Understanding the Symptoms of Varicose Veins


Varicose veins, often looked at as an unsightly cosmetic issue, can be a result of underlying venous insufficiency that may lead to discomfort and complications if left unseen by a doctor. These enlarged veins, usually found in the legs but can also be elsewhere in the body such as the pelvic region, are caused by weakened or damaged vein walls and malfunctioning valves. Understanding the symptoms of varicose veins is important for intervention reasons and effective management of the situation.

Here are four signs of varicose veins and why detecting these issues early is important.

Visible signs

The most obvious sign of varicose veins is the appearance of the vein on the surface of your skin. These veins often appear uncolored and are bulging out from the skin, resembling twisted rope. While these veins can occur anywhere on the body, they are most prominently found on the legs, ankles, and feet. Varicose veins can be accompanied by spider veins which are smaller web-like veins visible on the surface of the skin. These signs are often the first indication of varicose veins. So, if you notice any of these signs it is time to speak with your physician about treatment.

Physical discomfort

Varicose veins cause a range of physical symptoms that may lead to discomfort and reduced quality of life. Many people with varicose vein issues experience throbbing pain or aching in the legs and lower extremities after prolonged periods of sitting or standing. Some people with these issues describe their legs as feeling heavy, and like they are being weighed down. Swelling is a key issue with varicose veins, particularly around the feet and ankles. This often happens slowly and will get worse throughout the day. These issues will interfere with daily life activities and may worsen unless you seek medical attention. If you feel leg heaviness, have pain or any discomfort in your legs after long periods of sitting or standing contact your physician for a consultation. It is always best to be proactive when you have any issues that disrupt what you normally do daily.

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Skin change

Having varicose veins can lead to changes in the skin surrounding the affected area. Skin may become discolored, appearing reddish-brown or discolored in patches near the vein. People with varicose veins may notice dryness and itchiness around the same area. In severe cases, the skin surrounding the varicose vein may become weak and prone to injury, leading to the development of ulcers or sores that slowly heal. These skin changes serve as a warning sign, indicating that you need professional help from a doctor. If you notice these issues, contact your doctor immediately to prevent future potential dangers to your health.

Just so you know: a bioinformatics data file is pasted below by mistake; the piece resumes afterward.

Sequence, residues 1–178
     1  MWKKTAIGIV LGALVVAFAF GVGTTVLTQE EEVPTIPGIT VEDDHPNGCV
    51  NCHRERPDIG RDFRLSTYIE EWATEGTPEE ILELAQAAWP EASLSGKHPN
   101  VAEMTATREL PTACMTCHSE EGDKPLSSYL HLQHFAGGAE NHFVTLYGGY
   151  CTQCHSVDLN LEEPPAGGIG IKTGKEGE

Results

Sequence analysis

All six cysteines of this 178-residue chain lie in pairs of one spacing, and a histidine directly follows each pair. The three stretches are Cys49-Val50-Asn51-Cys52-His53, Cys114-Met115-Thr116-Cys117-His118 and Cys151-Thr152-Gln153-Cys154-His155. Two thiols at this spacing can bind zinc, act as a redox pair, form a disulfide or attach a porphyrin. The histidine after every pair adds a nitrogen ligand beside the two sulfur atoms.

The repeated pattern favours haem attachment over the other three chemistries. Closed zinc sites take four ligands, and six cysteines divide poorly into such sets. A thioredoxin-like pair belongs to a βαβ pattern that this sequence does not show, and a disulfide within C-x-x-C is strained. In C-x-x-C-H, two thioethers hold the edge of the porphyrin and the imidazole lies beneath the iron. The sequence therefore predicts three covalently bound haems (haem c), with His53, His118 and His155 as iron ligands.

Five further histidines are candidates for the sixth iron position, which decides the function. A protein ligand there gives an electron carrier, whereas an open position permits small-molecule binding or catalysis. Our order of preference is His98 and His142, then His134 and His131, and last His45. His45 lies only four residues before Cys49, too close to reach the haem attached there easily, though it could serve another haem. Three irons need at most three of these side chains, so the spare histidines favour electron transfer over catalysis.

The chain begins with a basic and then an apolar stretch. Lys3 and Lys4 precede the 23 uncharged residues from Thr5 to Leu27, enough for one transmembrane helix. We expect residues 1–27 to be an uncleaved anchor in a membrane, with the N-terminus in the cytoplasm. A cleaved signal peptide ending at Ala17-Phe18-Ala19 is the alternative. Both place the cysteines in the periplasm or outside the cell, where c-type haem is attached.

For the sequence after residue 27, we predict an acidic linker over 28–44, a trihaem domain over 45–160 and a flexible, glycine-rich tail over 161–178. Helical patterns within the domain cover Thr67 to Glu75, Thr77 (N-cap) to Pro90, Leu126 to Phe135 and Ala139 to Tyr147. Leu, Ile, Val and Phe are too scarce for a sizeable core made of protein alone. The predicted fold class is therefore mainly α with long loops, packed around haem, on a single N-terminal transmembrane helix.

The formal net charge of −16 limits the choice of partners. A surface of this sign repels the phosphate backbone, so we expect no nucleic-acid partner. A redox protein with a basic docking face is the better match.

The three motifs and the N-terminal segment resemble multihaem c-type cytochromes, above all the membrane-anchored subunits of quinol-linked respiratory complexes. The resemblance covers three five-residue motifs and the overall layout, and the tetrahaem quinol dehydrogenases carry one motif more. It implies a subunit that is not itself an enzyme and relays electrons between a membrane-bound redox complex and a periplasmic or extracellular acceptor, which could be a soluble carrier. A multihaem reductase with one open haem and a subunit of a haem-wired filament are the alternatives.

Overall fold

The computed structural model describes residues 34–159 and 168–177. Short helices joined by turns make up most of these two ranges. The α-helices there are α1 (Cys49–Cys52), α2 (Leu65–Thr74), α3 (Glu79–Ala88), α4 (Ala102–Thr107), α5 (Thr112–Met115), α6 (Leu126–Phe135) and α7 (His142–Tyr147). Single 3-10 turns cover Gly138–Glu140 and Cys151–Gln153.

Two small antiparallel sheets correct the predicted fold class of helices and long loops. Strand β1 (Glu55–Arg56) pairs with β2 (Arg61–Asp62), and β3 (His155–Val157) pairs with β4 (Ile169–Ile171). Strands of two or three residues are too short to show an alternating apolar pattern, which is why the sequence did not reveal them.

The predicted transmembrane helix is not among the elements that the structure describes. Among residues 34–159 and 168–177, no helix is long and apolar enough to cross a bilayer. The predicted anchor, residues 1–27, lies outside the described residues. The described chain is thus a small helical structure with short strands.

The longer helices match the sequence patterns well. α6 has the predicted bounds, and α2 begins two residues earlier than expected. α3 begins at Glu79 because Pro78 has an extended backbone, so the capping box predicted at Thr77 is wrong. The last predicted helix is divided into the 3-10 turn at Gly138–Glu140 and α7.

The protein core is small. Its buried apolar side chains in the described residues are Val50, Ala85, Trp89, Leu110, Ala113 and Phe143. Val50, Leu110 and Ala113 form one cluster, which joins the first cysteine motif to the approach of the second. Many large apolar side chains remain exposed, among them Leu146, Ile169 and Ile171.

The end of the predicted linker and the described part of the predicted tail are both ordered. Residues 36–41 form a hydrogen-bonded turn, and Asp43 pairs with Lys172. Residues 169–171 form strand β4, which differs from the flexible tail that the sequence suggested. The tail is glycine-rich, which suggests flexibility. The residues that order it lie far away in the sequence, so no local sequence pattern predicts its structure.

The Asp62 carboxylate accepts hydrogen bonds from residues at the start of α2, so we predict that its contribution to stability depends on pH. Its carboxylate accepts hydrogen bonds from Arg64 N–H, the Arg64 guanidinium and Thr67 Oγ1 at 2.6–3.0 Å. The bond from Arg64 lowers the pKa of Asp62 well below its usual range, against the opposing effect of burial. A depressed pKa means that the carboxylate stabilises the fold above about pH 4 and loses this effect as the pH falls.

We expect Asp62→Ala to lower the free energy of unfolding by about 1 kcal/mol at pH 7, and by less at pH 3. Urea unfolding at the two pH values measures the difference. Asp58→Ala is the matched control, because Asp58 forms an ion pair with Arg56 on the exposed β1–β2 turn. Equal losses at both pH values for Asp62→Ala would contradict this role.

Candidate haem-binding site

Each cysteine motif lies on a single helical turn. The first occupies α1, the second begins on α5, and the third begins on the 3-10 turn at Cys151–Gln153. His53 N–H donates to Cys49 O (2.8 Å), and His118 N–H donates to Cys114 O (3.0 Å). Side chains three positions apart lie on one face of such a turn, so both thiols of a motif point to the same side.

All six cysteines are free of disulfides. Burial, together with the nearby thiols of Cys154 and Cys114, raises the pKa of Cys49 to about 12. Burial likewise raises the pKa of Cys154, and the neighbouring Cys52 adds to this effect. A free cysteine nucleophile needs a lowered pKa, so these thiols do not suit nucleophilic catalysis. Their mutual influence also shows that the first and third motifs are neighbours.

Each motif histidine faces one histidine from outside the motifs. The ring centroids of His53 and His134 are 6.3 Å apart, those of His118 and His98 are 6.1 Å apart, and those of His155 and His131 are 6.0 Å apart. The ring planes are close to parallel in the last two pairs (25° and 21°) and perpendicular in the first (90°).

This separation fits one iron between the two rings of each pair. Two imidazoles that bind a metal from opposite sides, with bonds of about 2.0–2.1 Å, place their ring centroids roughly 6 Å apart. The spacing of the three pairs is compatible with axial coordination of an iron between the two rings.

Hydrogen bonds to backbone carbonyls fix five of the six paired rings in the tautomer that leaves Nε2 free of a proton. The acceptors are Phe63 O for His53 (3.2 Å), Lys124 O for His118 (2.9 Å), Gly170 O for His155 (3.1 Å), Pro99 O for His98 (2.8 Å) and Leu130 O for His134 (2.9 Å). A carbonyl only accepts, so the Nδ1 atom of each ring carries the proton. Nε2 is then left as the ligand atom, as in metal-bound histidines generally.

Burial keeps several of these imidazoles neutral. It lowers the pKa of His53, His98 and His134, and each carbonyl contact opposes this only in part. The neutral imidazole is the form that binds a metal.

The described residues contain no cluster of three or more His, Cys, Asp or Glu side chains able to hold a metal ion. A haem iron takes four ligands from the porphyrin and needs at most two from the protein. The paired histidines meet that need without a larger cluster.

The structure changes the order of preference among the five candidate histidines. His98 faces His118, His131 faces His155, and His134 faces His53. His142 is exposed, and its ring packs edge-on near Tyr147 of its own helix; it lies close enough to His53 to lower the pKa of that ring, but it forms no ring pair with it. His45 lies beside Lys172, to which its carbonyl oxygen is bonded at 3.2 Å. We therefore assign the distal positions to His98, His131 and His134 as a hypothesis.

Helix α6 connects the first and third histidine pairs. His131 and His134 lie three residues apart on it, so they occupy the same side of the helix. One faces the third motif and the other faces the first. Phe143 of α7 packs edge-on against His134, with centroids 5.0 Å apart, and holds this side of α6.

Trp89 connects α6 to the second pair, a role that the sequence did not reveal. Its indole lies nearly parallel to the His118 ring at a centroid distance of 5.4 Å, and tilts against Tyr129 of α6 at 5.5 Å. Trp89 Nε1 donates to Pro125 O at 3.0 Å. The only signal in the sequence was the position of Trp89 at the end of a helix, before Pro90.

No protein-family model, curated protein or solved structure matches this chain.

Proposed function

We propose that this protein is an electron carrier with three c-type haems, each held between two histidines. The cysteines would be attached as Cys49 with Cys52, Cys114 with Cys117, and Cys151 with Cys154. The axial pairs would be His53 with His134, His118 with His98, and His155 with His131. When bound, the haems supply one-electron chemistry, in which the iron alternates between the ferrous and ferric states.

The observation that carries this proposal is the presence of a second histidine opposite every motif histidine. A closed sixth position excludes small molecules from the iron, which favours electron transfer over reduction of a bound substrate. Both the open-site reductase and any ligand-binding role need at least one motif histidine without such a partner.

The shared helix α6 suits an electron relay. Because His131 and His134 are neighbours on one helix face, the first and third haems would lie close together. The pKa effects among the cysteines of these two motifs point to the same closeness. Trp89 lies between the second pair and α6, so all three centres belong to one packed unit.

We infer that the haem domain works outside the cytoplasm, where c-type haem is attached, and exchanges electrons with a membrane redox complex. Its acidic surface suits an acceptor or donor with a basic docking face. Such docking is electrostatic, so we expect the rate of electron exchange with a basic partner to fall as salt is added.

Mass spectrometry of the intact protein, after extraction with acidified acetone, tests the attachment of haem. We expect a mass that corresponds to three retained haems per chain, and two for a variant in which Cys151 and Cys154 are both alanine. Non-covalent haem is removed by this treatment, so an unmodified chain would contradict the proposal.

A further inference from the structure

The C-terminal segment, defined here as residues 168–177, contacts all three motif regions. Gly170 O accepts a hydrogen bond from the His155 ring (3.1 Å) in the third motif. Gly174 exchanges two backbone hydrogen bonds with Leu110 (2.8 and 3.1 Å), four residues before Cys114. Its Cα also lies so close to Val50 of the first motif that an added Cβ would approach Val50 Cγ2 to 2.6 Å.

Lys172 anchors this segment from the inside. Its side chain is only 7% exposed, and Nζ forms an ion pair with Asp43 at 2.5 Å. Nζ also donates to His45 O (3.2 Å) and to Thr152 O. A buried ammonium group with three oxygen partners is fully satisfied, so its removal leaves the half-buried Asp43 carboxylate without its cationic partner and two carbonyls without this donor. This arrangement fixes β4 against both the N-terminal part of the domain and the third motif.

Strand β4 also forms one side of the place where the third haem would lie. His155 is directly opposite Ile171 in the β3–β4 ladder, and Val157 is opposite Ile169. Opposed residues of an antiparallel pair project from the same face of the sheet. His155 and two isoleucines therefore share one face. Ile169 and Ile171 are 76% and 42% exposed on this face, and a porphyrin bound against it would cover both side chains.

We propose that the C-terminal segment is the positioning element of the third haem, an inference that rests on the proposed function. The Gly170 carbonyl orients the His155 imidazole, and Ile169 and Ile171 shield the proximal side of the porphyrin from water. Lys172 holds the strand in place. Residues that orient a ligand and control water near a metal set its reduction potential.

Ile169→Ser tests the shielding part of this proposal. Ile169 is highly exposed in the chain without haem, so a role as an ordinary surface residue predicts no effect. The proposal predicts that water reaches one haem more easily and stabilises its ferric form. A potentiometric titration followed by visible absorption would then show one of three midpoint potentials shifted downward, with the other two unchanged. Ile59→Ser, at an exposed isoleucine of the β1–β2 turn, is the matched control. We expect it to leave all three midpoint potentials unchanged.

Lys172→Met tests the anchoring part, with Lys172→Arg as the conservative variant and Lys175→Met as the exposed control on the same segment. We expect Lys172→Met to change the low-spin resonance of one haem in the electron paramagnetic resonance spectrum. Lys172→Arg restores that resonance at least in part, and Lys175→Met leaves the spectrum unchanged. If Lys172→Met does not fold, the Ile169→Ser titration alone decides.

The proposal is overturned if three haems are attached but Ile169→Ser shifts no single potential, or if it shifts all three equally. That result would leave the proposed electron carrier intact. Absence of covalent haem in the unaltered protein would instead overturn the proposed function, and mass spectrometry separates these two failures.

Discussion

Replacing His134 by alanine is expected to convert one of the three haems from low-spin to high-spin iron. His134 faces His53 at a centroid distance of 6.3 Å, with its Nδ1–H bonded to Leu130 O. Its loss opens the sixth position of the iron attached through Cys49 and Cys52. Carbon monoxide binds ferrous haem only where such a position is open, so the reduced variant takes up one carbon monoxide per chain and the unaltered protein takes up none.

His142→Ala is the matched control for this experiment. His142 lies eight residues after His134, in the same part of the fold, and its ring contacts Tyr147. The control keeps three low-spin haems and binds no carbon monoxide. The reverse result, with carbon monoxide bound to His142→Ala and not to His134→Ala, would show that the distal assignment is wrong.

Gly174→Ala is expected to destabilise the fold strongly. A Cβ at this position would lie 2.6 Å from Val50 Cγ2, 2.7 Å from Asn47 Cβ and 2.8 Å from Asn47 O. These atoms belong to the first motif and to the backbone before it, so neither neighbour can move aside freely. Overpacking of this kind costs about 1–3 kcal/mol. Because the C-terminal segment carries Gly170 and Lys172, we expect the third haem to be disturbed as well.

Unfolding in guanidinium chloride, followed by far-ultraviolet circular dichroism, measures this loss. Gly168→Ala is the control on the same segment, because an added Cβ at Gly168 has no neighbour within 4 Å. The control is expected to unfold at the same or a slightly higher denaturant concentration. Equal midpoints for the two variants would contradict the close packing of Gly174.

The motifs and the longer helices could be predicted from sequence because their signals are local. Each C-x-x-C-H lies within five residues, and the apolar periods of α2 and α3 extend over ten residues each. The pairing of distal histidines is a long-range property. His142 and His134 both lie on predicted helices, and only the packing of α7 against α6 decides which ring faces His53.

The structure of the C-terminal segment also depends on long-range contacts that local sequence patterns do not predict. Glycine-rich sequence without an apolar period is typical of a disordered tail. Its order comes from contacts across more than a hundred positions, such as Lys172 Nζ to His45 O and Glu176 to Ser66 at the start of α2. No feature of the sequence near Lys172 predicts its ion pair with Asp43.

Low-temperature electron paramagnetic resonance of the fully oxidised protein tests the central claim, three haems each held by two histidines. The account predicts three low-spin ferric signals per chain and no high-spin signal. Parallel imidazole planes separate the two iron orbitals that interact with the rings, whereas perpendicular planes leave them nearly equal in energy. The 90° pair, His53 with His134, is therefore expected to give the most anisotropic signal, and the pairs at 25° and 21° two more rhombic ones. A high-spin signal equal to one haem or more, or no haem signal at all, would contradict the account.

Varicose veins, if left untreated, can lead to multiple complications and health risks. Venous ulcers, superficial thrombophlebitis or blood clots forming in the superficial veins, deep vein thrombosis, a serious condition where blood clots form in the deep leg veins are all associated with varicose veins. DVT, most importantly, can lead to pulmonary embolism if a clot travels to the lungs posing a life-threatening health risk. Recognizing and addressing varicose veins early will help you prevent these issues and improve your overall health.

Varicose veins manifest through various symptoms that extend beyond cosmetic issues. From visible signs and physical discomfort to skin texture changes and potential complications, the issue of varicose veins requires attention and intervention. Seeking professional medical help and exploring different treatment options are critical steps in managing varicose veins and preventing issues associated with them. By understanding the symptoms and seeking timely medical help, you can alleviate pain, numbness, cramping and potentially dangerous health issues.

Dr. Lawrence Presant

Dr. Lawrence Presant is chief medical officer at Arizona Vein Specialists in Phoenix. He is a Doctor of Osteopathic Medicine, general surgeon by training and a certified diplomat of the American Board of Venous and Lymphatic Medicine.

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